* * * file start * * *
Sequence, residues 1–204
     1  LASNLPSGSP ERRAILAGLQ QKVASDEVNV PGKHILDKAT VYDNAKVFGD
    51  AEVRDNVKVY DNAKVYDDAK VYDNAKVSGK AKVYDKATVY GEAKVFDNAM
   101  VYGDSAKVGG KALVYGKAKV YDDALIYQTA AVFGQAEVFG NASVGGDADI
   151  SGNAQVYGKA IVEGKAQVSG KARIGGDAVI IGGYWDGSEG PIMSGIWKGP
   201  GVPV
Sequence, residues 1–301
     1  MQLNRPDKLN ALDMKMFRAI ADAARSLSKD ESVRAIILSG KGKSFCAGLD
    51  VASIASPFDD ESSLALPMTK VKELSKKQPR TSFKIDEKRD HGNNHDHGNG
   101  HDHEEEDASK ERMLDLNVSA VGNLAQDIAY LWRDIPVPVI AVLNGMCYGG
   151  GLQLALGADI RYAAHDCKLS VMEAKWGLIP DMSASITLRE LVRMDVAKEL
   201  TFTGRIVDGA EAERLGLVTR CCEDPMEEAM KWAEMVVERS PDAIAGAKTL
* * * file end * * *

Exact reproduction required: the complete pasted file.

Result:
Sequence, residues 1–204
     1  LASNLPSGSP ERRAILAGLQ QKVASDEVNV PGKHILDKAT VYDNAKVFGD
    51  AEVRDNVKVY DNAKVYDDAK VYDNAKVSGK AKVYDKATVY GEAKVFDNAM
   101  VYGDSAKVGG KALVYGKAKV YDDALIYQTA AVFGQAEVFG NASVGGDADI
   151  SGNAQVYGKA IVEGKAQVSG KARIGGDAVI IGGYWDGSEG PIMSGIWKGP
   201  GVPV
Sequence, residues 1–301
     1  MQLNRPDKLN ALDMKMFRAI ADAARSLSKD ESVRAIILSG KGKSFCAGLD
    51  VASIASPFDD ESSLALPMTK VKELSKKQPR TSFKIDEKRD HGNNHDHGNG
   101  HDHEEEDASK ERMLDLNVSA VGNLAQDIAY LWRDIPVPVI AVLNGMCYGG
   151  GLQLALGADI RYAAHDCKLS VMEAKWGLIP DMSASITLRE LVRMDVAKEL
   201  TFTGRIVDGA EAERLGLVTR CCEDPMEEAM KWAEMVVERS PDAIAGAKTL